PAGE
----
Turner: 'We’re Not TV. We’re Omnichannel.'

Unlike the NBC upfront, which touted TV’s edge over digital, Turner Broadcasting took a different approach at its upfront Wednesday by emphasizing the “omnichannel experience.”

“We reach 125 million viewers now across linear, OTT and mobile devices every month,” said Kevin Reilly, president of TBS and TNT, and chief creative officer for Turner Entertainment. “We’re going beyond a linear network of shows to build a brand that creates and capitalizes on fandom everywhere.”

Turner’s president of ad sales, Donna Speciale, claimed the network has “true omnichannel capabilities that leverage our social handles and mass distribution … [with the] marriage of content and data that’s critical today.”

Turner trotted out talent like Conan O’Brien and “Parts Unknown” host Anthony Bourdain to support Speciale’s point.

O’Brien once thought of himself as a “cranky luddite [who was] tossed into the Internet,” but now, Reilly noted that Conan’s fan hub Team Coco has clocked 3.4 billion video views across digital and social channels.

And Bourdain asked advertisers to take advantage of his show's expansion off-platform to reach fans “with an appetite for adventure and a mobile device.” 

Turner also said it could drive business results and reach more Millennials (or, what TBS's "Full Frontal" host Samantha Bee referred to as the demo driving "robust amplified return" for advertisers) through its AudienceNow targeting platform.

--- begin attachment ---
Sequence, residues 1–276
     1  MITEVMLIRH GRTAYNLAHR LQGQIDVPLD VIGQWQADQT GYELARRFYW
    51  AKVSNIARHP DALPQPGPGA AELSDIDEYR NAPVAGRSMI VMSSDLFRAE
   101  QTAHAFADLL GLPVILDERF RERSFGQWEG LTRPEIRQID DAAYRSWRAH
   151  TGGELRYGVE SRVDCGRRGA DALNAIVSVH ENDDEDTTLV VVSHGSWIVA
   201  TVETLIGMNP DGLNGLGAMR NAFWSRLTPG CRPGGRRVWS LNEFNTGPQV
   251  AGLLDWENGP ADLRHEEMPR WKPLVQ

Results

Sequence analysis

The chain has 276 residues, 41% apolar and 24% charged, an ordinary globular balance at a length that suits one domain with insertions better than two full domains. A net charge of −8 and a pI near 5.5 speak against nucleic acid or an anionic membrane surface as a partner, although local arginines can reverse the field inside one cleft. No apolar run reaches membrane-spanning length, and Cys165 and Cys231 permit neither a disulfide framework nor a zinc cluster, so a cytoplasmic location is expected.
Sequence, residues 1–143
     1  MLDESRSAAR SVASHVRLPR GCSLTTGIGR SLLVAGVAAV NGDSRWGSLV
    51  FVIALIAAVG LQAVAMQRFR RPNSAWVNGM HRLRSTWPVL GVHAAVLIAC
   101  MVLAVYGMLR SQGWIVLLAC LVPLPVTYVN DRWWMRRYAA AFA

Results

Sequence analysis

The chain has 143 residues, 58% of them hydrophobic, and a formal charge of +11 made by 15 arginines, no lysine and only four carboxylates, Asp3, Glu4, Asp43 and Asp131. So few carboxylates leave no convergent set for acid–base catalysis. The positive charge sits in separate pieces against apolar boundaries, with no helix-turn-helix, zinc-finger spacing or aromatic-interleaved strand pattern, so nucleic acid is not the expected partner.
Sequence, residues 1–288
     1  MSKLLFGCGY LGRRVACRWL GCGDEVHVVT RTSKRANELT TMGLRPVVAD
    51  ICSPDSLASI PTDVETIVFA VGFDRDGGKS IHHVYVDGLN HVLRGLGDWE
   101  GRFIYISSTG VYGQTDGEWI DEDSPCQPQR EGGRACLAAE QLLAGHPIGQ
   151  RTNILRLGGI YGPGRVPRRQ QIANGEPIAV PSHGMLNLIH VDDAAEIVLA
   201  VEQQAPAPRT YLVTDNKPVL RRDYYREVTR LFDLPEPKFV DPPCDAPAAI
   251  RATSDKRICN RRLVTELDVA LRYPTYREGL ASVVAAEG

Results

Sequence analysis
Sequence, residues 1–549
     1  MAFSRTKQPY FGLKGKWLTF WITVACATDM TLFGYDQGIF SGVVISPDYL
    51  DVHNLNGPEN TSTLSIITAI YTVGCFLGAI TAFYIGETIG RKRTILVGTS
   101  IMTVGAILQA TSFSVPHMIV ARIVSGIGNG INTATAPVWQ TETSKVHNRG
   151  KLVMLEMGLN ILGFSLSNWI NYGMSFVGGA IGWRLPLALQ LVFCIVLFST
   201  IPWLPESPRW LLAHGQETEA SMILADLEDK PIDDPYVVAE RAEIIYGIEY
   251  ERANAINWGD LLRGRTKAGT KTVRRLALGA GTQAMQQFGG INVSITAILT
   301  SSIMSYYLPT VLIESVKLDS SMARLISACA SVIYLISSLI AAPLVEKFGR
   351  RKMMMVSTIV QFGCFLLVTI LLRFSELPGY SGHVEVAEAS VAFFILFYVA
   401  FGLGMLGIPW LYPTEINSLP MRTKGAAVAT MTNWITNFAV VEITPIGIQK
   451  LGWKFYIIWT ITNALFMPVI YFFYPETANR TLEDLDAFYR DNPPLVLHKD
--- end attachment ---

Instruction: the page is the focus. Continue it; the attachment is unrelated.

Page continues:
And Speciale heralded the network’s early emphasis on reducing its commercial loads in primetime, first with TruTV and then TNT.

“We’re seeing 30% higher brand awareness and 4X increased sales versus our traditional ad pods,” she said. “But, we understand you’re sick of paying more for less, so we can create content tailor-made for every environment with premium, measured audiences in every channel.”

Turner’s intent is to create a “virtuous circle” between digital, TV and offline, such as integrations with its e-sports league and Turner Sports properties.

“When I arrived at Turner, I wanted to lean into where we’re going, which is omnichannel, and really put a business structure around it,” Reilly told AdExchanger.

Yet despite the network’s effort to evolve the traditional TV ad-buying process with branded storytelling – and to replace commercial pods with less, or more engaging, ad units – it’s up against a few challenges.

One factor is advertiser willingness to adopt new ad experiences or to test drive new data-driven audience tools, such as Turner’s initiative with Fox and Viacom – OpenAP.

And the other? Comprehensive audience measurement.

“We still have [this reality where] there won’t be another ‘Walking Dead’ on our channel or any channel until they fix the measurement system – period,” Reilly added.

 

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